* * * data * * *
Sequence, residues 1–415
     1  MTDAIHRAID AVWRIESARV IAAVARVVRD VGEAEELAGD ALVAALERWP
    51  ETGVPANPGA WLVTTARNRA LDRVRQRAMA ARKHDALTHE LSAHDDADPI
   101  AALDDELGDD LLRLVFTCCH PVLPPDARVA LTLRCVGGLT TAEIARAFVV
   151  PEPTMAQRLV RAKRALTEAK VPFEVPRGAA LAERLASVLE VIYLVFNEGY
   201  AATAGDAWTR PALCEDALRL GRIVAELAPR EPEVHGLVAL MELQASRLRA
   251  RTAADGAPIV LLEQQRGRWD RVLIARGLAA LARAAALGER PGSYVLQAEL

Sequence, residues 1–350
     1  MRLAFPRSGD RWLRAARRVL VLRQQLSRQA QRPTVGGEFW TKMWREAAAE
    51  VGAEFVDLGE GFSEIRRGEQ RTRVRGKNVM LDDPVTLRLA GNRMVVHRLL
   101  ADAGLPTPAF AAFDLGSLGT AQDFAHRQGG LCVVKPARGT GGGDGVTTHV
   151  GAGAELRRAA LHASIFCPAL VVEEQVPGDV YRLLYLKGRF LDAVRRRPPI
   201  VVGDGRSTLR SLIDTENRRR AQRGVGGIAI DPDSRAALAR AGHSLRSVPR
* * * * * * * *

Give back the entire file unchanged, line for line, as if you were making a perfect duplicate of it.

Sequence, residues 1–415
     1  MTDAIHRAID AVWRIESARV IAAVARVVRD VGEAEELAGD ALVAALERWP
    51  ETGVPANPGA WLVTTARNRA LDRVRQRAMA ARKHDALTHE LSAHDDADPI
   101  AALDDELGDD LLRLVFTCCH PVLPPDARVA LTLRCVGGLT TAEIARAFVV
   151  PEPTMAQRLV RAKRALTEAK VPFEVPRGAA LAERLASVLE VIYLVFNEGY
   201  AATAGDAWTR PALCEDALRL GRIVAELAPR EPEVHGLVAL MELQASRLRA
   251  RTAADGAPIV LLEQQRGRWD RVLIARGLAA LARAAALGER PGSYVLQAEL

Sequence, residues 1–350
     1  MRLAFPRSGD RWLRAARRVL VLRQQLSRQA QRPTVGGEFW TKMWREAAAE
    51  VGAEFVDLGE GFSEIRRGEQ RTRVRGKNVM LDDPVTLRLA GNRMVVHRLL
   101  ADAGLPTPAF AAFDLGSLGT AQDFAHRQGG LCVVKPARGT GGGDGVTTHV
   151  GAGAELRRAA LHASIFCPAL VVEEQVPGDV YRLLYLKGRF LDAVRRRPPI
   201  VVGDGRSTLR SLIDTENRRR AQRGVGGIAI DPDSRAALAR AGHSLRSVPR